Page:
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Monday, 30 August 2021

Honey, I shrunk the fauna

Climate change has induced animal miniaturization: A claim that sounds just plain weird. But, unfortunately it’s true; animals around the globe have been getting smaller, and climate change is the culprit, according to this Vox clip (watch, runtime: 3:40). Birds, turtles, fish and frogs are just a few of the animals that have shrunk in size. Over time, this could have dire consequences on our world’s finely tuned ecosystems, leading some species to go extinct.

Wait, what’s the link between climate change and animals shrinking? Apparently, smaller bodies cool down faster, and larger animals are better able to conserve heat according to Bergmann’s rule. Articulated by Carl Bergmann in 1847, the theory posits that smaller and larger animals have differing “temperature budgets,” with animals more likely to be larger in colder climates.

This isn’t the first time this has happened: So called “mammalian dwarfing” was observed during a major global warming event 56 mn years ago known as the Paleocene-Eocene Thermal Maximum (PETM), and again 53 mn years ago, according to this 2017 study. During the PETM, the size of some animals — the study singled out early ancestors of horses — decreased by as much as 30%. The study concludes that “dwarfing appears to be a common evolutionary response of some mammals during past global warming events, and the extent of dwarfing seems related to the magnitude of the event.”

The phenomenon has also been observed more recently, this time with birds: According to a 2019 study of migratory birds collected over four decades and housed in Chicago’s Field’s Museum, the birds’ body size had decreased over time, while their wingspan has increased to compensate for their smaller bodies being less energy efficient for migration.

So how have animals adapted to survive? Animals adapt to their surroundings, that’s what keeps them alive. So when rising temperatures change their environments, species modify some of their characteristics to survive. They do that thanks to two distinct processes; selection pressure and developmental plasticity.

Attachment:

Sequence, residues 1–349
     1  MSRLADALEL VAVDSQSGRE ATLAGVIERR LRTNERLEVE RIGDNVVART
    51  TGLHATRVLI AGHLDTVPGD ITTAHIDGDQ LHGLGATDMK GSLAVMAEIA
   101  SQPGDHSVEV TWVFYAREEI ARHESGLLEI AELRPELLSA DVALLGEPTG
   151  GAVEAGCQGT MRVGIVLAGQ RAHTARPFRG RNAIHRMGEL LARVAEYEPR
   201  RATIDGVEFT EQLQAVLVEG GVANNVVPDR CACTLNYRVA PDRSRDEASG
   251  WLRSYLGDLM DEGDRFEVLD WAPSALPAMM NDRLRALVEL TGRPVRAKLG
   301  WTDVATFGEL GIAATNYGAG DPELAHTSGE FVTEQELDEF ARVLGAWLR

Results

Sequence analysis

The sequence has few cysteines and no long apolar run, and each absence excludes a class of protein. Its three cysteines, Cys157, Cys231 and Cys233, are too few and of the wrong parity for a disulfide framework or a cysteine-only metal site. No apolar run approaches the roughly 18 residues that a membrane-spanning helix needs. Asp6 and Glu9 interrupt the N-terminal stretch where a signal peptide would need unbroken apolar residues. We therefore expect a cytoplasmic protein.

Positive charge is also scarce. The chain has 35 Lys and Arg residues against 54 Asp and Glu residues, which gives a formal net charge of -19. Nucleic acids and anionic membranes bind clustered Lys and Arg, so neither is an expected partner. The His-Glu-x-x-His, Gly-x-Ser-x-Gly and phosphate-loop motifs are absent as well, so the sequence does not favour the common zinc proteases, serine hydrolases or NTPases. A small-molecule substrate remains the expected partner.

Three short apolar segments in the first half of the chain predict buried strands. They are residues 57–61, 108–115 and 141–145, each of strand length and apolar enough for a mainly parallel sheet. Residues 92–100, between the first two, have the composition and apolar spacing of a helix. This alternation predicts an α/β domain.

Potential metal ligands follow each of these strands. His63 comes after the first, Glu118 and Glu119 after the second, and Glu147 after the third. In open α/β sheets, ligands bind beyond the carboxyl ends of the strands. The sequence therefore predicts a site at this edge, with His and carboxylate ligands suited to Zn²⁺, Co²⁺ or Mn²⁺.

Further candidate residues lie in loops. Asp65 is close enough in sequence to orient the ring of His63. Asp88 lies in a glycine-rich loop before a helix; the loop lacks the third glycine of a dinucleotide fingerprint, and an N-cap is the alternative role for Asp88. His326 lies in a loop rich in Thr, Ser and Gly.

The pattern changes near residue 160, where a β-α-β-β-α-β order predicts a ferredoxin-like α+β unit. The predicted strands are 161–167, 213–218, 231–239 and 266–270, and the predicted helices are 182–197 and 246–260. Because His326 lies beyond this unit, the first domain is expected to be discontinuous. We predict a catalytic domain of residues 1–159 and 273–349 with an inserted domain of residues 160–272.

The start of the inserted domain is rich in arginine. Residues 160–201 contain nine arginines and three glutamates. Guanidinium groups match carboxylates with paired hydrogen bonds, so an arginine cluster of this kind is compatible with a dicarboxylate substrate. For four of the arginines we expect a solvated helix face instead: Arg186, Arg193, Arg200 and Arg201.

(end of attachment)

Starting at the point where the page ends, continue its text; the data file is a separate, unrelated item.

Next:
Selection pressure refers to characteristics being passed down from one generation to the next because they are more advantageous to survival. In this case, smaller animals will survive longer and are more likely to reproduce than their larger counterparts, creating a new generation of smaller animals overall.

Developmental plasticity refers to changes that occur in an animal’s lifetime that are not passed down to future generations. This process especially impacts cold-blooded animals (i.e. animals that don’t conserve body temperature but regulate it through their environment) such as reptiles and amphibians because they are less affected by Bergmann’s rule. For instance, a frog’s metabolism gets faster when it’s hotter, so it goes through all of its developmental stages faster. But because its rate of growth doesn’t change, the frog becomes smaller when it reaches adulthood.

So what’s the big fuss if animals are in fact getting smaller? On the surface, it seems like a trivial issue, but it could wreak havoc on ecosystems and lead to the extinction of dozens of species. For instance, smaller prey means predators would have to hunt a larger number of them, potentially dwindling the populations of certain species over time. Smaller animals also can’t bear as many offspring, which could set back the sizes of animal populations to begin with.

But surely the animals will just adapt as they always have? One hopes so, yes, but we’re actually warming the planet at an unprecedented rate that is estimated to be 10 times faster than average warming following ice ages, meaning species that are not able to put their evolutionary adaptation into turbo mode could end up dying out. 2020 and 2016 are the warmest years on record since we began keeping records in 1880, according to NASA data.

Our take: Smaller animals are probably cute; less so if they’re all dead. The effects of climate change on our fauna and flora are still not fully understood, and shrinking organisms is just one bizarre side effect of our continued pushing of earth’s temperatures through the roof.

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